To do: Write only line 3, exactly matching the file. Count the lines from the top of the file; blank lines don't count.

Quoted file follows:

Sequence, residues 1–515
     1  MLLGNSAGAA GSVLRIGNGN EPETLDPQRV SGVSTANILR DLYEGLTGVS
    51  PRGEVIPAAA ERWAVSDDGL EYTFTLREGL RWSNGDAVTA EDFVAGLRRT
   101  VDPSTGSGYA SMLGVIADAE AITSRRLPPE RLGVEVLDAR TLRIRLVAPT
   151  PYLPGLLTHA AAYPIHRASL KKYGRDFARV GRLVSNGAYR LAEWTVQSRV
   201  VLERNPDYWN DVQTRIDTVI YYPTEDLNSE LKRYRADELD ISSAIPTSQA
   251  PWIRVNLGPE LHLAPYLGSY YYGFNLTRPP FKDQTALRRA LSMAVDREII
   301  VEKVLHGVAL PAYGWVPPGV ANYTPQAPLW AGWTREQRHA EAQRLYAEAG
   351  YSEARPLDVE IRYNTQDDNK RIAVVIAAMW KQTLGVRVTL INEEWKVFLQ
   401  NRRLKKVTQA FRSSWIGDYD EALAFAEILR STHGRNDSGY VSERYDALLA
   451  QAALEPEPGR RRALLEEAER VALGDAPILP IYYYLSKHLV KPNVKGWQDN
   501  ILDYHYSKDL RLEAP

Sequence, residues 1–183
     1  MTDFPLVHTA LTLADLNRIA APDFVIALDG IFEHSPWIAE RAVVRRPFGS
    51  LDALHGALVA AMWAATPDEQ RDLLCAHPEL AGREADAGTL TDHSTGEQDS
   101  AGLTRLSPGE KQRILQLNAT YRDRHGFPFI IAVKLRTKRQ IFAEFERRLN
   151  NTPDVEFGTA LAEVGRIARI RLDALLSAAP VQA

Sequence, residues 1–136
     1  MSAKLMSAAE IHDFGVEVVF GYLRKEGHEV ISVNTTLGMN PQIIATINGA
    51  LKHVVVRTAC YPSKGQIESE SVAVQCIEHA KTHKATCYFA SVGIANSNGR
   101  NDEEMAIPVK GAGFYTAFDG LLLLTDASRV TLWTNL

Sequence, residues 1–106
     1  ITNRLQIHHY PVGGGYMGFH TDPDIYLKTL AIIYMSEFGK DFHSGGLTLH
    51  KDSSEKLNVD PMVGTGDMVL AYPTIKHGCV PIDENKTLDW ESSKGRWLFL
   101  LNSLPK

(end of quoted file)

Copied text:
    51  PRGEVIPAAA ERWAVSDDGL EYTFTLREGL RWSNGDAVTA EDFVAGLRRT